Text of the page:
Haiku to Favorite Magazine

Editors love readers.

Art directors seek affection from peers.

Editors need X-actos.
Dear Sports Illustrated,

A plea from an old editor who is an admirer: You have wonderful stories and pictures. And unreadable picture captions.

As an editor, I’m convinced that magazine readers turn the page and first look at the story headline (Am I at all interested in this?) and then at the pictures (Interesting photograph–tell me more about it). Then they may decide to invest time in reading the story.

My strategy at The Washingtonian was to preach the twin purposes of picture captions: Tell the reader what’s going on in the picture, and make it so interesting that the reader will want to read the story.

An added rule: One picture, one caption. Try to avoid gang captions—one caption for three or four pictures. Gang captions lead to “Clockwise from upper left” directions to the reader. The designer is making the reader work: Let’s see now, these words go with that picture, these go with the other picture, etc. Readers don’t want to work, they want reading made easy. And it’s very hard to make a gang caption interesting enough to entice the reader into the story.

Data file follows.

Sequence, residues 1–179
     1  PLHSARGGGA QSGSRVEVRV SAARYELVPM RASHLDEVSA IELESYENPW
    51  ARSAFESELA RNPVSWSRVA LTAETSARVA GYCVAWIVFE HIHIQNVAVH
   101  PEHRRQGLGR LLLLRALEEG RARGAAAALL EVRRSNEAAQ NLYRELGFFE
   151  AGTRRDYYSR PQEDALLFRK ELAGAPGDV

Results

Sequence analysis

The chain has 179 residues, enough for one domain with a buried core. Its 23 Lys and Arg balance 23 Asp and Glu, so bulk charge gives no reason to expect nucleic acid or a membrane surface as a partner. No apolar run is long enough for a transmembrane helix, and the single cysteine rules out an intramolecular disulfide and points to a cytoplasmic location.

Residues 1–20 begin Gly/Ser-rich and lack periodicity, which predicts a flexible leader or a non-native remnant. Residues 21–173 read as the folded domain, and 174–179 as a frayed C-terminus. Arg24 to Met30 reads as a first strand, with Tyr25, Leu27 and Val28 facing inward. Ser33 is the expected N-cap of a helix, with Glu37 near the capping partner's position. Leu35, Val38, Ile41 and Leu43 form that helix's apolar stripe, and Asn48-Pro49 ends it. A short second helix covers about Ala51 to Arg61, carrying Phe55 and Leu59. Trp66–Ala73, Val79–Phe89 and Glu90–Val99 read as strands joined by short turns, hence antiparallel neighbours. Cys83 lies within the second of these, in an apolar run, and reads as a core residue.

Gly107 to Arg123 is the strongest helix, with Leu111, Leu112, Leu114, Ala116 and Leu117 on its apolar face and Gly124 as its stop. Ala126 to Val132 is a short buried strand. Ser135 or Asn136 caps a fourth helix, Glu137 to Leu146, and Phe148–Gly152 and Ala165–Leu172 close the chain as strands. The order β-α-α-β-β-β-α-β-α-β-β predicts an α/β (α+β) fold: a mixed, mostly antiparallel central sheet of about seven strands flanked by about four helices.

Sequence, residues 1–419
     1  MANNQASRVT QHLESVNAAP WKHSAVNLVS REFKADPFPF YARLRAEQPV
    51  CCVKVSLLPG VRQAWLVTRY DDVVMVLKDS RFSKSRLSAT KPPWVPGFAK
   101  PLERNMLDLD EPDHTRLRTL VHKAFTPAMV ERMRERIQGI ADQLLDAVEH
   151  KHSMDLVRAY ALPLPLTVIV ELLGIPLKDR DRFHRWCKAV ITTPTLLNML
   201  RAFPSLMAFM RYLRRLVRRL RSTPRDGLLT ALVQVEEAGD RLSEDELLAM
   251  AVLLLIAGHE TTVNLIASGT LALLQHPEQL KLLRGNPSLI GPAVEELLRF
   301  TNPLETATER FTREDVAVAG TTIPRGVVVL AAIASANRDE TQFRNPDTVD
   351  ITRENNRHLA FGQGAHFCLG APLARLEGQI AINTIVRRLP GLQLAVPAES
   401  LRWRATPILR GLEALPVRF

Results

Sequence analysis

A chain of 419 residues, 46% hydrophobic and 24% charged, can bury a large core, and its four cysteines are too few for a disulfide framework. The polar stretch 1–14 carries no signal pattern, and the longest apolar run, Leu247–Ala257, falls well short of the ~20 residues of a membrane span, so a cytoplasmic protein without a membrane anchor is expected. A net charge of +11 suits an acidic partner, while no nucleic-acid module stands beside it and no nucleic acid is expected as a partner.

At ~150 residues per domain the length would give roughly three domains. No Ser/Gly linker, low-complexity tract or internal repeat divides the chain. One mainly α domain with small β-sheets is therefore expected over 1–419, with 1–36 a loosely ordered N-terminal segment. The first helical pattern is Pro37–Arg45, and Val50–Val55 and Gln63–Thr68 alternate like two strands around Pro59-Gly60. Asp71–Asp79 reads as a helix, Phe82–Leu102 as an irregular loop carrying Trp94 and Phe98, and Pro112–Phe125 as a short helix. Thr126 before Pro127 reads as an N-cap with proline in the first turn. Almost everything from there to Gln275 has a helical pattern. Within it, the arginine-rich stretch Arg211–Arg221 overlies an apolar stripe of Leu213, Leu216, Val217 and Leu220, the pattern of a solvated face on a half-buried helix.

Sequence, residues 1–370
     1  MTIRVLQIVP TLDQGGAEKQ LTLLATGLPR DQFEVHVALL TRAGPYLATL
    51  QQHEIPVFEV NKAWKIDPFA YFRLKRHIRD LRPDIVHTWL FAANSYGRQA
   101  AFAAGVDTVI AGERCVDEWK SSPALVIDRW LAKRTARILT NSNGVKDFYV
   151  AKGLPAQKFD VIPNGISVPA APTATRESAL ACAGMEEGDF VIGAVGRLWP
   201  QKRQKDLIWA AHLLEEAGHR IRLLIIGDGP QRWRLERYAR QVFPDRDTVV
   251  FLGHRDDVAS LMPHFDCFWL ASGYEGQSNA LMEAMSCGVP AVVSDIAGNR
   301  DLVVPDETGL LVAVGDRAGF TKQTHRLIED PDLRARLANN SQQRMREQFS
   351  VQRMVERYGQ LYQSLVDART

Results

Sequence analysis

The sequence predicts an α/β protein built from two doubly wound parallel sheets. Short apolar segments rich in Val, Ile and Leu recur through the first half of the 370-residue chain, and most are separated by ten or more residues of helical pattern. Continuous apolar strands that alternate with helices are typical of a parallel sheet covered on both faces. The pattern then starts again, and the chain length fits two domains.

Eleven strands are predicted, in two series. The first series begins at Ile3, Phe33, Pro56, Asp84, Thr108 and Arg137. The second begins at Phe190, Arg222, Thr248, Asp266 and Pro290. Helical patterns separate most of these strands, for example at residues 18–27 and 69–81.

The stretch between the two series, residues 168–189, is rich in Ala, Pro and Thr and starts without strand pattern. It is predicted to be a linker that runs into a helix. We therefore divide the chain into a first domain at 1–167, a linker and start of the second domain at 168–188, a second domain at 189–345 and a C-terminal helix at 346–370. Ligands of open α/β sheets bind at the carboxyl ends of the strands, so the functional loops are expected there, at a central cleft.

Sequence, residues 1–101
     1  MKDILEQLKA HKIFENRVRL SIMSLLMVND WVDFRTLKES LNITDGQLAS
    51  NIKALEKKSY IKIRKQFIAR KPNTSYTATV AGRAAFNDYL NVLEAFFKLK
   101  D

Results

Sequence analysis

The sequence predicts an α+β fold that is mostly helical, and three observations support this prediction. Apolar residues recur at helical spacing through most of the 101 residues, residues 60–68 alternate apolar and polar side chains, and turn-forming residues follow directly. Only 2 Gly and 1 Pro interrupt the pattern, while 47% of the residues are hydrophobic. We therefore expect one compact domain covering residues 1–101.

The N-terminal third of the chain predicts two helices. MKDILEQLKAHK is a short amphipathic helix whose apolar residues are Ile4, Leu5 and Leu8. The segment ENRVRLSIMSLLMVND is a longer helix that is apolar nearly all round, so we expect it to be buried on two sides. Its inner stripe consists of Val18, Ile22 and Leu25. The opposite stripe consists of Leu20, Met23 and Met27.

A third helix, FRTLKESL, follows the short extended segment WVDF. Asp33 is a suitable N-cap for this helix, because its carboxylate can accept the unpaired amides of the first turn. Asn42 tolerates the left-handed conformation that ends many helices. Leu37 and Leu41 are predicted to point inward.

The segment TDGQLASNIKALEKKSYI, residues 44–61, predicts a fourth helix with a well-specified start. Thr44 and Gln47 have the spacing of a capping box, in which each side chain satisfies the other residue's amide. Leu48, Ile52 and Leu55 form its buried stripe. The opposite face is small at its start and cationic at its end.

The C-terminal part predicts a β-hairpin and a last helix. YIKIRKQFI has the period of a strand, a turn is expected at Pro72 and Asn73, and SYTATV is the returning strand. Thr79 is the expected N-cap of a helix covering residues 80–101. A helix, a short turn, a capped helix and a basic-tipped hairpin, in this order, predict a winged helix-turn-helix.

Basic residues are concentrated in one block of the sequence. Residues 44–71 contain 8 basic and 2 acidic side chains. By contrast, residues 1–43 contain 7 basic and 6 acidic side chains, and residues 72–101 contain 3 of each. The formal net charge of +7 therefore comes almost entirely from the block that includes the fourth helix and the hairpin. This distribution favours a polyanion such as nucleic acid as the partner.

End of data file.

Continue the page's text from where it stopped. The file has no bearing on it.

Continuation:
Your art directors apparently think picture captions are a nuisance: Let’s put the caption in a thin, small sans serif type in a small box. If there are three or four pictures, we’ll still run one small box and challenge the reader to figure out what words go with what picture.

I just renewed my subscription for another year. I love your magazine but I’d enjoy it more if your art directors were as good as your photographers, writers, and editors.

Sincerely, Jack Limpert

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